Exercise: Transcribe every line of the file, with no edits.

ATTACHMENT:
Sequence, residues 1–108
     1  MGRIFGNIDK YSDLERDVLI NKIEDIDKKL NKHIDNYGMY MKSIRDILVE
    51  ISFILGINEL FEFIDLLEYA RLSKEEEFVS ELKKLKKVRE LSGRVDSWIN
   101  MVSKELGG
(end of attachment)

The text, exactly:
Sequence, residues 1–108
     1  MGRIFGNIDK YSDLERDVLI NKIEDIDKKL NKHIDNYGMY MKSIRDILVE
    51  ISFILGINEL FEFIDLLEYA RLSKEEEFVS ELKKLKKVRE LSGRVDSWIN
   101  MVSKELGG